3. Pain modulation. Dance directly reduces pain sensitivity through individual mechanisms, such as activating the endogenous opioid and endocannabinoid systems, which activate descending pain-modulating pathways (Koltyn KF, 2000).

4. Musculoskeletal. Dancing stimulates postural muscles, stabilization, coordination, and the combination of all three. This is achieved through proposals that require voluntary contraction of a specific muscle or muscle group, as well as through movements that involve the whole body (Powell KE et al. 2011).

5. Psychological. By using dance as a form of therapy, movements become a vehicle through which individuals can experience personal growth and integration into a group. This is based on the relationship between movement and emotion, between body and mind. Through the exploration of different movement possibilities, people can experience greater balance and security, increasing their capacities for adaptation and spontaneity (Payne H, 2003).

If you enjoy dancing, we encourage you to enjoy it as much as you can from UMSS. And if you need to incorporate physical exercise into your daily routine (whether for health reasons or not), remember that dance is a great option to do so. Whenever dance has a therapeutic goal for a specific condition, it’s necessary to do it under the guidance of a trained professional.


Booth, J., Moseley, G. L., Schiltenwolf, M., Cashin, A., Davies, M., & Hübscher, M. (2017). Exercise for chronic musculoskeletal pain: A biopsychosocial approach. Musculoskeletal Care, 15(4), 413–421.

Borges, L., Passos, M.E.P., Silva, M.B.B., Santos, V.C., Momesso, C.M., Pithon-Curi, T.C., Gorjão, R., Gray, S.R., Lima, K.C.A., de Freitas, P.B., & Hatanaka, E. (2019). Dance training improves cytokine secretion and viability of neutrophils in diabetic patients. Mediators of Inflammation, 2019, 1–8.

Domingueti, C.P., Dusse, L.M.S., Carvalho, M. das G., de Sousa, L.P., Gomes, K.B., & Fernandes, A.P. (2016). Diabetes mellitus: The linkage between oxidative stress, inflammation, hypercoagulability and vascular complications. Journal of Diabetes and Its Complications, 30(4), 738–745.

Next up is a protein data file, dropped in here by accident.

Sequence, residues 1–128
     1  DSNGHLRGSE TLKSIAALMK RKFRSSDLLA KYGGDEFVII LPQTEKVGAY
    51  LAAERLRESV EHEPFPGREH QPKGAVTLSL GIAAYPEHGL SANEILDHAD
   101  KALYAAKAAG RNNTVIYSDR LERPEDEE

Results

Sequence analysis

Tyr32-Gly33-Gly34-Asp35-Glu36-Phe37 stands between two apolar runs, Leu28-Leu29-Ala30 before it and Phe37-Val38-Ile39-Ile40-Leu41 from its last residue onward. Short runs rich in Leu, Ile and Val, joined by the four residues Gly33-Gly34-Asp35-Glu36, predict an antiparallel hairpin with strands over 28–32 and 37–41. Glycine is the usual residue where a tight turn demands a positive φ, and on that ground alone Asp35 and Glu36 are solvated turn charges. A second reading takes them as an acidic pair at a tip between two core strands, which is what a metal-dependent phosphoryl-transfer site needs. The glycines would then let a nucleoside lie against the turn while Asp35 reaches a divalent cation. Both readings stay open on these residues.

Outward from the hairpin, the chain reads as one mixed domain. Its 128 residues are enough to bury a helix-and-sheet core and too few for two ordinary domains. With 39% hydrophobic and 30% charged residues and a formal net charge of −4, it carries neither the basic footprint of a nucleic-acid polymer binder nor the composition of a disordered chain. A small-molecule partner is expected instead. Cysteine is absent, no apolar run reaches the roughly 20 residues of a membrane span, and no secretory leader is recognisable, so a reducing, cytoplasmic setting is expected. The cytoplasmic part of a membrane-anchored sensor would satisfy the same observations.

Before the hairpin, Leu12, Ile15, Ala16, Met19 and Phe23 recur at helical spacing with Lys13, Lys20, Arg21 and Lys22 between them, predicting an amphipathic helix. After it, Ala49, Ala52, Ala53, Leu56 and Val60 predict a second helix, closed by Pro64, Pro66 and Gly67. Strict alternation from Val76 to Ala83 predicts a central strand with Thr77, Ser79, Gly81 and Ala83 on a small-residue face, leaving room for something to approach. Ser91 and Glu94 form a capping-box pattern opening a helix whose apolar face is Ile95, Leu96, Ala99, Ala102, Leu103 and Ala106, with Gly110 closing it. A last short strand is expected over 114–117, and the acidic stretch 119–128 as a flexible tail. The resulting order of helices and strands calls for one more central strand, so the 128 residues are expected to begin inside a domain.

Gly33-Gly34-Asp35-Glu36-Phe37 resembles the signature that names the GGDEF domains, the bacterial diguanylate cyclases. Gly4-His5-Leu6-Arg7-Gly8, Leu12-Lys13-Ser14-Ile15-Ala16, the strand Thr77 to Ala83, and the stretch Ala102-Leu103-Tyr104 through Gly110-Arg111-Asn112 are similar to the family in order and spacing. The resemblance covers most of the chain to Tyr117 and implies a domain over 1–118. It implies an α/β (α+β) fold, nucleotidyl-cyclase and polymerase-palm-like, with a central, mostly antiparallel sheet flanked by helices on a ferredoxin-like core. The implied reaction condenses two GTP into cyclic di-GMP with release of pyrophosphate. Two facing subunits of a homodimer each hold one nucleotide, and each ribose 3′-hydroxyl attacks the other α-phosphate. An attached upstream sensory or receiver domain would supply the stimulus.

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Kim, C.G., June, K.J., & Song, R. (2003). Effects of a health-promotion program on cardiovascular risk factors, health behaviors, and life satisfaction in institutionalized elderly women. International Journal of Nursing Studies, 40(4), 375–381.

Koltyn, K.F. (2000). Analgesia following exercise: A review. Sports Medicine (Auckland, N.Z.), 29(2), 85–98.

Maher, C., Underwood, M., & Buchbinder, R. (2017). Non-specific low back pain. Lancet, 389(10070), 736–747.

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Powell, K.E., Paluch, A.E., & Blair, S.N. (2011). Physical activity for health: What kind? How much? How intense? On top of what? Annual Review of Public Health, 32(1), 349–365.

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Wu, C., Yi, Q., Zheng, X., Cui, S., Chen, B., Lu, L., & Tang, C. (2019). Effects of mind‐body exercises on cognitive function in older adults: A meta‐analysis. Journal of the American Geriatrics Society, 67(4), 749–758.

Wu, H.Y., Tu, J.H., Hsu, C.H., & Tsao, T.H. (2016). Effects of low-impact dance on blood biochemistry, bone mineral density, the joint range of motion of lower extremities, knee extension torque, and fall in females. Journal of Aging and Physical Activity, 24(1), 1–7.